16 16 The licensor s interest is in narrowing the definition of what is being licensed. The licensee s interest is in having a broad definition of the technology. In some cases, both sides will seek refuge in ambiguity about the technology for a number of reasons. In some cases, negotiators have not communicated well with other segments of their business and are either not sure what state the technology is in, or are not clear to what use the technology will be put. Sometimes, the lack of clarity in an agreement about what is licensed is because people do not want to admit that they do not understand exactly how technology works; they think that they should know. However, it is often not possible to learn about the exact nature of technology based on public records. Part of the negotiation is finding out exactly what the technology is and what part of it you need to use for your business. (See Issue 1.4 below). You may save money if you only license what you need in order to make your business use of the technology successful. It is important to communicate with your business colleagues to see what they need in order to make effective business and technological use of the technology. Do they need only a patent license? Or do they need the rights to use a particular product or technology that practices the patent? Do they need detailed documentation or schematics? Do they need source code or is object code sufficient? What version of the software will they need? Do they require test data? Do they require samples or prototypes? (See Cluster 4, Issue 4.1 below). Will they need know-how, or training in order to use the technology? (See Cluster 4, Issue 4.3 below). Beware of licensing technology for which there is no clear written specification or other documentation. Do not accept vague references to the subject matter such as the state of the art XXX technology. It is common to refer to an exhibit attached to the agreement text for more specific references to the nature and definition of the subject matter (e.g. The so and so technology, as more fully described in Exhibit A). Make sure that Exhibit A is filled in and what is written is clear and specific enough. Also, do not

17 IP ASSETS MANAGEMENT SERIES 17 wait until late in the negotiations to obtain this information. If Exhibit A refers to a specification or some other written document, read it carefully to see if it clearly describes what is being licensed. The description should be clear enough so that, in case of a dispute, a third party who is not knowledgeable about the technology could make a decision about what is included and what is not. References to version A of the software may be sufficiently clear if you have a copy of version A and have already inspected it. In some cases, you will be able to attach the actual thing that is being licensed to the agreement (e.g. a copy of the software). 1.2 Is the thing that is being licensed completed? Is the software completely written, the hardware design completed and implemented in the form in which you need it, is customization required to make the subject work with your technology or systems, is a port needed, is research and development continuing? The same questions apply in other fields: is the technique completely developed, is the invention fully enabled, and is the pharmaceutical process fully developed? If there is more work to be done, determine whether the completion of this work is important to you as a condition of the deal. Can you live with the technology in an incomplete form (e.g. partially written software, incomplete formulation or test of a drug)? If it is left incomplete, will the agreement permit you or your designee to complete and/or modify the technology? See Cluster 2 below which discusses what the licensee is permitted to do to the technology. Conversely, if you are the one licensing out the technology, make sure that it is clear whether you are expected to have fully completed it by the time of execution of the agreement. Does it have to pass acceptance testing? Does it have to meet a specification or a functionality test? Does it have to perform certain functions at specified performance levels in order for you to be paid? The best position for the person who is licensing technology out is that the software or other technology need not live up to any particular standard of performance or function. In this case, the technology licensor is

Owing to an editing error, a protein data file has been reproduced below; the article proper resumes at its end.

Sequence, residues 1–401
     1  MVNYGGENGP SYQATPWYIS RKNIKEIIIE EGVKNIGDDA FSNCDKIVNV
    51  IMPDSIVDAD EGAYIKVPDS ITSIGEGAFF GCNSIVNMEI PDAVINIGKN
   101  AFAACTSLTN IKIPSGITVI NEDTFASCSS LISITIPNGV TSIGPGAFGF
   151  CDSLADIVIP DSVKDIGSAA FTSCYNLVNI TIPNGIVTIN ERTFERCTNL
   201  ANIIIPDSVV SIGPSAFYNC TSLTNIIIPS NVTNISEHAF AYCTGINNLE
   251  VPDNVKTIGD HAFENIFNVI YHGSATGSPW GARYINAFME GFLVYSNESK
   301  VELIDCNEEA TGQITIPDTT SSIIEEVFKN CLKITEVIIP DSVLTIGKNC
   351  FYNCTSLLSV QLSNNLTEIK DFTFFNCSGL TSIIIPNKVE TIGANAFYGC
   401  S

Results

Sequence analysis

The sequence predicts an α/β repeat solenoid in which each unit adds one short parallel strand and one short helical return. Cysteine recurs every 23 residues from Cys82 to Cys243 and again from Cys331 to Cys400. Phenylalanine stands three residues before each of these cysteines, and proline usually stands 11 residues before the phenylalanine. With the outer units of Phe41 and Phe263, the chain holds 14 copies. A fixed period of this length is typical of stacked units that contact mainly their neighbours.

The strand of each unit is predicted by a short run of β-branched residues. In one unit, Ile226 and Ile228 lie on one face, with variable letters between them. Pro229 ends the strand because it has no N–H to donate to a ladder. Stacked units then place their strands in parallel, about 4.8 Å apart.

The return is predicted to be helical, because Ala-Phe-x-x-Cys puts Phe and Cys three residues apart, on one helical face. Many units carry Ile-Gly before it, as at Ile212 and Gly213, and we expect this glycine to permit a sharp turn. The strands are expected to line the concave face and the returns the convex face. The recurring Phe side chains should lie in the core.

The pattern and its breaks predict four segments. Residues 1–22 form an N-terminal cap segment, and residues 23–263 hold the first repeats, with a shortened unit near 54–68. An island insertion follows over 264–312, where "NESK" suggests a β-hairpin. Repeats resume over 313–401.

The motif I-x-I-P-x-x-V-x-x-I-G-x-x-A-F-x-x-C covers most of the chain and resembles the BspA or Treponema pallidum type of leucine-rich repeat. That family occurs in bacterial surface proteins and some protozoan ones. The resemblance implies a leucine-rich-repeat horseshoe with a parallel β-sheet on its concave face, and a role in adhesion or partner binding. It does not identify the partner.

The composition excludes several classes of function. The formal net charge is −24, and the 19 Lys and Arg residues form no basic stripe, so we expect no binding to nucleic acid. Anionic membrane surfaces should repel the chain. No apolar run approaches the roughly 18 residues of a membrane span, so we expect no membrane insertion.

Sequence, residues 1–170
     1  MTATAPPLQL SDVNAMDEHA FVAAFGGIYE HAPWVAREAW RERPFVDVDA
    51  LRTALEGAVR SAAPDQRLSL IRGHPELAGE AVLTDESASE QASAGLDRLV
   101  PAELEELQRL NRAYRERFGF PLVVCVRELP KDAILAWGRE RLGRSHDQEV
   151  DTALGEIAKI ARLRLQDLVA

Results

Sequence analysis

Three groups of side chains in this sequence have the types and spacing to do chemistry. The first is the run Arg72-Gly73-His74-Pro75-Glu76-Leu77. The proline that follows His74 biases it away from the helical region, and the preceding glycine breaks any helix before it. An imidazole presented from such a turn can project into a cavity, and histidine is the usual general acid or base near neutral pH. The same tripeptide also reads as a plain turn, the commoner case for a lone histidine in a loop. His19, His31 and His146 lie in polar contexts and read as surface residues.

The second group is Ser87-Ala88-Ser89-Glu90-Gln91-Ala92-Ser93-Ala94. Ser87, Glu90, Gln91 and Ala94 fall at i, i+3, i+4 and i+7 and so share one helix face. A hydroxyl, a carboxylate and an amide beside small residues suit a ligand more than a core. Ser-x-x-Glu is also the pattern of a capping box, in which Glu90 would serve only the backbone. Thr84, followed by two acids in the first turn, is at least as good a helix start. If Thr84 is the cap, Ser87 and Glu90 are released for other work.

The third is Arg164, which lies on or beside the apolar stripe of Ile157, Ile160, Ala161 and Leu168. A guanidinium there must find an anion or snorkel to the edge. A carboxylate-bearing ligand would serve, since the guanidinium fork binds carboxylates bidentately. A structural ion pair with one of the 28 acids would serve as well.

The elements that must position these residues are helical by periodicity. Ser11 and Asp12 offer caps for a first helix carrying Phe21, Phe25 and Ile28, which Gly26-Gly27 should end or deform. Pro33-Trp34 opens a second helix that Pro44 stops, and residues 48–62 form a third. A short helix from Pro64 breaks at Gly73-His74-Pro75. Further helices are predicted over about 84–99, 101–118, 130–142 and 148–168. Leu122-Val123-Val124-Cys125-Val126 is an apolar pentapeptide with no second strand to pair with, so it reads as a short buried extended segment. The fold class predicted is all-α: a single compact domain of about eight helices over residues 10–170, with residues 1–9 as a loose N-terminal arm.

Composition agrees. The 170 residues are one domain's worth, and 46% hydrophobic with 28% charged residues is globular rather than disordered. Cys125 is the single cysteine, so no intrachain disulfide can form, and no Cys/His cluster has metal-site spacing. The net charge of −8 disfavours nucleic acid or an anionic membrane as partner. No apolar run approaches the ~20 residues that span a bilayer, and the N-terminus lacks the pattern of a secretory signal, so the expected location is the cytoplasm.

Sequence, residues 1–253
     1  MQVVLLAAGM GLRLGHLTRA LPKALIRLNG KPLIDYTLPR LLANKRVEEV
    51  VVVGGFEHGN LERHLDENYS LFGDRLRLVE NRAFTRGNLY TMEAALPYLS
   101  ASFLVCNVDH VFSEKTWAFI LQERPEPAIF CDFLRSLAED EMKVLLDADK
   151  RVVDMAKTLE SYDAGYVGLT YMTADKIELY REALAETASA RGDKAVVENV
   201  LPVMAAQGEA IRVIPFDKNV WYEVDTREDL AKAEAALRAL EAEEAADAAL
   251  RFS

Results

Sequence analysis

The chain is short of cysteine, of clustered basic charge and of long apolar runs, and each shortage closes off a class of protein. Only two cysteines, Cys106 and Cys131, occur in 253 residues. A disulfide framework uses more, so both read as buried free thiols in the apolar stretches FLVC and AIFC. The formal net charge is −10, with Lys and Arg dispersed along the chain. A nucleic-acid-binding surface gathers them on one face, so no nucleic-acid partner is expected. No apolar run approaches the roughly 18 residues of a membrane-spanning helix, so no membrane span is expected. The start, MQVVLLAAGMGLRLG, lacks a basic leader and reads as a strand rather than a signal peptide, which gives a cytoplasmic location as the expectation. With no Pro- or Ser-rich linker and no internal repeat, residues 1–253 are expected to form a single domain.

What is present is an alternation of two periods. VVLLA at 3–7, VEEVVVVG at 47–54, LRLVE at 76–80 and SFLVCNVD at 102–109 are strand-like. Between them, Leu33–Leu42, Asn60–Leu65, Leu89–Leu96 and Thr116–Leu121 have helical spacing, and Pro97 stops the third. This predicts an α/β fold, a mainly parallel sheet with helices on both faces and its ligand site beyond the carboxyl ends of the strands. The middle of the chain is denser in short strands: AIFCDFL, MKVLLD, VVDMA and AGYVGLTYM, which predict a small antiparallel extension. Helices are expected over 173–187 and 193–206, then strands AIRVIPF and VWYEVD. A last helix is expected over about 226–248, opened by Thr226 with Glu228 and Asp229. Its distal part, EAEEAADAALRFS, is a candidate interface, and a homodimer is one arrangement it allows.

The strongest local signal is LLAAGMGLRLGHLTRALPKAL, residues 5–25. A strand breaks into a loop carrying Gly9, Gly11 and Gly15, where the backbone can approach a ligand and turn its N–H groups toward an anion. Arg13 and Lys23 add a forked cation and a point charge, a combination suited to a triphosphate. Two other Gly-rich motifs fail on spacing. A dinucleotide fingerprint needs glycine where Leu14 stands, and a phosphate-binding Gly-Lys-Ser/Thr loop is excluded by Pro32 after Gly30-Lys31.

18 18 providing some basic rights to the technology, but is really providing his or her time and effort and a permission to use the technology as is. This is obviously not good for the person who is licensing the software, unless the price (royalties) and other terms reflect this. The best position for the person licensing the software in is that the software must meet clearly defined specifications (if it is not completed and accepted at the time of execution). Avoid using terms like meets commercial expectations or satisfies industry standards or use best efforts or makes good faith efforts or fully operational. These terms are so vague that they cause business misunderstandings and legal disputes. If the subject matter of the license is truly in a state of development, or if major work needs to be done, such as a port to a different platform, it is advisable to have a separate or attached development agreement with clear deliverables, assignments of responsibility, performance and function standards, and timetables. 1.3 Who owns the IP that underlies the technology? Does the licensor own what he or she is licensing to you? Does he or she have the right to license it? Does he or she have the right to license all other technologies that are needed to make the licensed technology work? It is important for the license agreement to contain a representation that the licensed IP belongs to the licensor. This avoids a situation where a third party later claims that it owns the IP or technology and the licensor attempts to disclaim responsibility. In situations where the licensor and licensee will be working together on a technology project or product creation (e.g. a joint venture to develop a product together), it is good practice to specify in the agreement who owns what IP and/or technologies as of the time of the execution of the agreement. If the licensee is contributing some technology or will be using some technology, it is also important to specify who owns that technology, so that there will be no later disputes.